Last year the Israeli consulate in New York hosted an event at which I gave a
presentation on Ethiopian-Jewish community life. After it finished I was
approached by a man who asked how the Ethiopian Jews could be Jewish if they
were not educated. In his view, part of being Jewish was being highly
educated. This image of Jews as a highly educated group is not only a
stereotype in the West; most Jews as a minority group are college graduates and
are in a higher economic bracket.
I explained that his question was out
of place. We were discussing how the Ethiopian Jewish community in Ethiopia was
strong and closely structured and had deep Jewish roots. He was looking at being
Jewish from a different point of view. These types of questions also exist in
Israel and it illustrates a wider pattern of people not being familiar with
Ethiopian Jewish culture and their lifestyle in Ethiopia.
people had a different Jewish culture. If we were living in Ethiopia today it
would be Succot, because the calendar was slightly different. My mother
remembers that synagogues did not exist in every village. Nevertheless there was
a kes, or Jewish religious community leader, who was in charge of setting aside
a place to pray. In Ambover, where my mother grew up before she was married, the
Kes Adane and synagogue were a center of Jewish life and everyone took part in
working to maintain the structure. For instance, if something needed to be fixed
or built, people in the village would volunteer their time to do it.
was born in Ambover but grew up in the village of Godgodit. When we look forward
to Simhat Torah this was not actually a holiday the way we know it here. We did
celebrate Succot with a succa that would be constructed next to the
Before the Ethiopian community was reconnected with the Jewish
religious communities from Europe and the Arab world in the 19th century, the
community didn’t celebrate the holidays of Simhat Torah, Shmini Atzeret,
Hanukka, Purim, Lag Ba’omer, the Fast of Gedalia or Tu Bishvat. In place of some
of these holidays, the major holiday of Ethiopian Jewry was Sigd, which is
celebrated 50 days after Yom Kippur.
In the synagogues that did exist we
had a Torah scroll that was written in Gez, an ancient south Semitic language
once prevalent in Ethiopia. This scroll would be read every Shabbat. Despite all
the struggles Ethiopian Jews faced, including numerous attempts to missionize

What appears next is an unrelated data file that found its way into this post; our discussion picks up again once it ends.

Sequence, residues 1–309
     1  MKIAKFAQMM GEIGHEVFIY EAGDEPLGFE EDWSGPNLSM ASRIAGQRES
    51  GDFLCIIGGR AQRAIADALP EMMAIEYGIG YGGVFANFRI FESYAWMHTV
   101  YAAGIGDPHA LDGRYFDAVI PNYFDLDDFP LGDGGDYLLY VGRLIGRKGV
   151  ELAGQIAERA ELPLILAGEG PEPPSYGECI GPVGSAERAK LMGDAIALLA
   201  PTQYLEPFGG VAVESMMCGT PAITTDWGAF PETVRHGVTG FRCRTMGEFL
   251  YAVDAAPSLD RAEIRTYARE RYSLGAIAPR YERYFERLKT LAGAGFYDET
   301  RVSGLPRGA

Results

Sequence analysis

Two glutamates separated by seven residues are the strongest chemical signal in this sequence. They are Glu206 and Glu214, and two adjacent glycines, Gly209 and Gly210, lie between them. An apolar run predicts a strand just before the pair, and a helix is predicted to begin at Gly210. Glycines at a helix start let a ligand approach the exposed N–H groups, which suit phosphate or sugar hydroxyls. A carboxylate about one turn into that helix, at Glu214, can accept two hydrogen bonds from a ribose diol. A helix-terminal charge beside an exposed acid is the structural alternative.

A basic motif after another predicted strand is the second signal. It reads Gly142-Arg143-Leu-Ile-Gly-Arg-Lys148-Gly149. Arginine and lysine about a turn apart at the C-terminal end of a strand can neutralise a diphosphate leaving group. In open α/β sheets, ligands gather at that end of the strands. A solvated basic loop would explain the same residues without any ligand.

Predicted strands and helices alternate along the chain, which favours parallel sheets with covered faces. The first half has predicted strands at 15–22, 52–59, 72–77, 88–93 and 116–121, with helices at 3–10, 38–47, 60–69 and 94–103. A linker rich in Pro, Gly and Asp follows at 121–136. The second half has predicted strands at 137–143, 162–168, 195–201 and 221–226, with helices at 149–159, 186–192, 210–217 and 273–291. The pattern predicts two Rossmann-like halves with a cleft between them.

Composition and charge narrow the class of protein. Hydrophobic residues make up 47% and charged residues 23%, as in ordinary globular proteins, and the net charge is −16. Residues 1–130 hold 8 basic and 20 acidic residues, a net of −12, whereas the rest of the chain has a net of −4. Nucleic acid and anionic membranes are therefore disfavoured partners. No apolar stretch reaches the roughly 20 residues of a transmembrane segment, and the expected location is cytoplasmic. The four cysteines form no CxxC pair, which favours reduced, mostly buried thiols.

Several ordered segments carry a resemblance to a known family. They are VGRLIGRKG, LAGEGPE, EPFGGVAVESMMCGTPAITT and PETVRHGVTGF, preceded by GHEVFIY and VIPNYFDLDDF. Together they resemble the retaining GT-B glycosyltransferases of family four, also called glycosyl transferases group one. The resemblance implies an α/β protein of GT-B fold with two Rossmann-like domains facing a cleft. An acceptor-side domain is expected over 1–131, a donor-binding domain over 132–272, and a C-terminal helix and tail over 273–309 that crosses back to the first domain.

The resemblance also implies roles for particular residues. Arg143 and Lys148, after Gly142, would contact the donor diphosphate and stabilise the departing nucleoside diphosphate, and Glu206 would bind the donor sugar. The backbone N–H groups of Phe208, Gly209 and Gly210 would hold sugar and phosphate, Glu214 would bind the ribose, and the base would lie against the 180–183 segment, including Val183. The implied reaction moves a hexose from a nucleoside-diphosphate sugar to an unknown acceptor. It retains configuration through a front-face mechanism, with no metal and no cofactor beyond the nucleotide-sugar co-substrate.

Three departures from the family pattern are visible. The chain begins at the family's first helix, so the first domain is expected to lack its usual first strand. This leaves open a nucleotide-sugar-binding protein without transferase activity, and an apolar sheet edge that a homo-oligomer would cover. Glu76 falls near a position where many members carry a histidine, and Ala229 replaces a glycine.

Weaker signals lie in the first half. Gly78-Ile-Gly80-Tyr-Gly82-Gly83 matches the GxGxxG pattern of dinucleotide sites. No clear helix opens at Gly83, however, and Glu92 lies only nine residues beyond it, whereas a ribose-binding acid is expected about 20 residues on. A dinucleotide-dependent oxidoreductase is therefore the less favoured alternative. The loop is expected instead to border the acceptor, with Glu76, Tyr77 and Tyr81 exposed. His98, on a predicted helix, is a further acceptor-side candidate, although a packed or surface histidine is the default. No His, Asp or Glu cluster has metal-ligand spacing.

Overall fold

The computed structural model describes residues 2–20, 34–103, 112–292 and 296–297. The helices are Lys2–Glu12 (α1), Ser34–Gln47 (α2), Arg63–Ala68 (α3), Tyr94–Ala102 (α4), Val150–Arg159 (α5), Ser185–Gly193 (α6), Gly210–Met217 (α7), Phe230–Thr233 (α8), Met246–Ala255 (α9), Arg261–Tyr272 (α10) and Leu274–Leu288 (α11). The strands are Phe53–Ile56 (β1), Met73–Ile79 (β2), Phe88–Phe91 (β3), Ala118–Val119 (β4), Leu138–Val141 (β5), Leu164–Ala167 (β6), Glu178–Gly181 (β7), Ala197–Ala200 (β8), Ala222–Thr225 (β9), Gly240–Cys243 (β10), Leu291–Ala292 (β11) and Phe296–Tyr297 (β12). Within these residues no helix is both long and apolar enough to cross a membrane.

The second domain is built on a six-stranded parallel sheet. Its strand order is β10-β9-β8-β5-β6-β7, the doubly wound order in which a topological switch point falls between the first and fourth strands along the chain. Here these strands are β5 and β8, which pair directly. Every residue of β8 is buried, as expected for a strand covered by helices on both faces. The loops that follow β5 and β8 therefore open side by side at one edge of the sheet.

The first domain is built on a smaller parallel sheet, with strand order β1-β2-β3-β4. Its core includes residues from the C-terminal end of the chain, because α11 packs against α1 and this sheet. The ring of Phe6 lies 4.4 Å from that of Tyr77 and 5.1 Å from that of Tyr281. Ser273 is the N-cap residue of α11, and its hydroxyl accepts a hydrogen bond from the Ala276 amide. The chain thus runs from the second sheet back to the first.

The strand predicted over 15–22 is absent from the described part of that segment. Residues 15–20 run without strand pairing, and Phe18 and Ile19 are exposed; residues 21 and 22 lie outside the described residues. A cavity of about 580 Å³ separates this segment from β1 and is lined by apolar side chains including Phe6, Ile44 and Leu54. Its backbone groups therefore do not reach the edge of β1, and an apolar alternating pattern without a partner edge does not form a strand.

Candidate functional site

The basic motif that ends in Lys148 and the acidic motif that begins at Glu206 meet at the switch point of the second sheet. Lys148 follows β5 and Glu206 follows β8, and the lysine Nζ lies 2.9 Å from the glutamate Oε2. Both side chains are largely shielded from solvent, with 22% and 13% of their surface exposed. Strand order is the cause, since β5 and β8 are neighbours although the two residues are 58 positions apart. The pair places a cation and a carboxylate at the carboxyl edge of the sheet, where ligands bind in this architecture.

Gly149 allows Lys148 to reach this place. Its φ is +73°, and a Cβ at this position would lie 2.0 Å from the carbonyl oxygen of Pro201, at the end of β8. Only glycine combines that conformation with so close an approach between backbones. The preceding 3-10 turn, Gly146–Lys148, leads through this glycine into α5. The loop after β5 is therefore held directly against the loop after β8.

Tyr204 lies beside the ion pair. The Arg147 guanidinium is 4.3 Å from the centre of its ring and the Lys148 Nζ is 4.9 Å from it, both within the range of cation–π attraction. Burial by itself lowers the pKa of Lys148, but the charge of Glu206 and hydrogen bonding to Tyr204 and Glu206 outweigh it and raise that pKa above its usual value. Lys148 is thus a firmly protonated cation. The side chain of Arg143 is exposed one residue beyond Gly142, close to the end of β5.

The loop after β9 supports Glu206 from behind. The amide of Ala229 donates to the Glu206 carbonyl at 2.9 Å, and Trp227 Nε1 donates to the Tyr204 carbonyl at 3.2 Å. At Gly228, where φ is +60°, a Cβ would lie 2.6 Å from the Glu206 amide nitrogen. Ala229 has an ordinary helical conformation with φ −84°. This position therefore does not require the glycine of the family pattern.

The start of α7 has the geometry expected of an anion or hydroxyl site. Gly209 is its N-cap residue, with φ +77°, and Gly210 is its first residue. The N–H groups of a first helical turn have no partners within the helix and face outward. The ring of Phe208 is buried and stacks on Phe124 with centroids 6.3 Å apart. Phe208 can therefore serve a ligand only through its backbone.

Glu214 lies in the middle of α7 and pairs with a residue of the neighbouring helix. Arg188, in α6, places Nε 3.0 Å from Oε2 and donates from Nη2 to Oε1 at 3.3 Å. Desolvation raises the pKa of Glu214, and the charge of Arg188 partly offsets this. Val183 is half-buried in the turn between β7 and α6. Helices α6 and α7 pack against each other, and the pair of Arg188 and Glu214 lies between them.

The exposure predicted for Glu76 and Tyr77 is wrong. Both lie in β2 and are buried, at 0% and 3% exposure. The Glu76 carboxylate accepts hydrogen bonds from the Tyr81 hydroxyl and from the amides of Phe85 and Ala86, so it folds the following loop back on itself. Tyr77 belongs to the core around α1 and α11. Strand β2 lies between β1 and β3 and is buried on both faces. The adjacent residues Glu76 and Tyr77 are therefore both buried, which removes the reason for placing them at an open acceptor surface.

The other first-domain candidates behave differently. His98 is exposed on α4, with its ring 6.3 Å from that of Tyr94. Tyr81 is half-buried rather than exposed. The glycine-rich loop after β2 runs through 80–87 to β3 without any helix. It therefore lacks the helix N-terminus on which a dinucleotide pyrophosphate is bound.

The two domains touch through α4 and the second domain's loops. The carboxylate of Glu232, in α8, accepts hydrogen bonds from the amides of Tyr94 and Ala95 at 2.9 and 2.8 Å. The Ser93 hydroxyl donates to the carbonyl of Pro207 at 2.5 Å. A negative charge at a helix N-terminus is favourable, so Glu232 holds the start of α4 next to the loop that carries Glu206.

them and convert them to other faiths, they preserved their culture. The
whole community kept the holidays together. As a small, close-knit community,
there was no sense of being private and having the temptation, for instance, to
not fast on Yom Kippur, or to eat non-kosher food. There were no choices between
different sects of Judaism, such that one might be a Reform Jew or a
Conservative Jew. Everyone was what one would today call an Orthodox
It is interesting to examine the development of the Ambover
synagogue and its modernization over the years. One can see that the building,
even up to the modern period, was a very simple construction of wood and that
stone and modern construction was only added in the 1960s and 1970s. This would
have been the last years that it served as a major center of Jewish life, before
the emigration to Israel began. Many tourists, Jewish Agency officials and
reporters who visited the Jews of Ethiopia, such as the late Louis Rapoport, a
reporter and photographer for The Jerusalem Post
, photographed this synagogue in
Ambover as part of their itinerary. It still stands today and Jews who return to
Ethiopia inevitably visit it.
Returning to Ethiopia on heritage trips is
becoming more popular among the Jewish community in Israel. I see more and more
groups of people who are organizing to go see where their parents were born.
They go to see and feel the way life was there. They go to remember the past
life of their ancestors. Some of those who have gone on these trips, both
non-Ethiopian Israelis and Ethiopian Jews, talk about being struck by how
different life was there. For instance, a person who lived in a small village in
Ethiopia and whose skill was working with sheep, would be valued the way a
lawyer might be valued in Israeli society. Such differences in skills and
prestige in society are not always readily apparent when one imagines the
Ethiopian Jewish community in Ethiopia as a one-dimensional object.
I think of the question I was asked in New York I think how important it is to
explain that these villages in Ethiopia had a rich Jewish life.The
writer made aliya from Ethiopia in 1984. She works for the government and has an
MA in Management of Nonprofit and Community Organizations from the Hebrew
University of Jerusalem.
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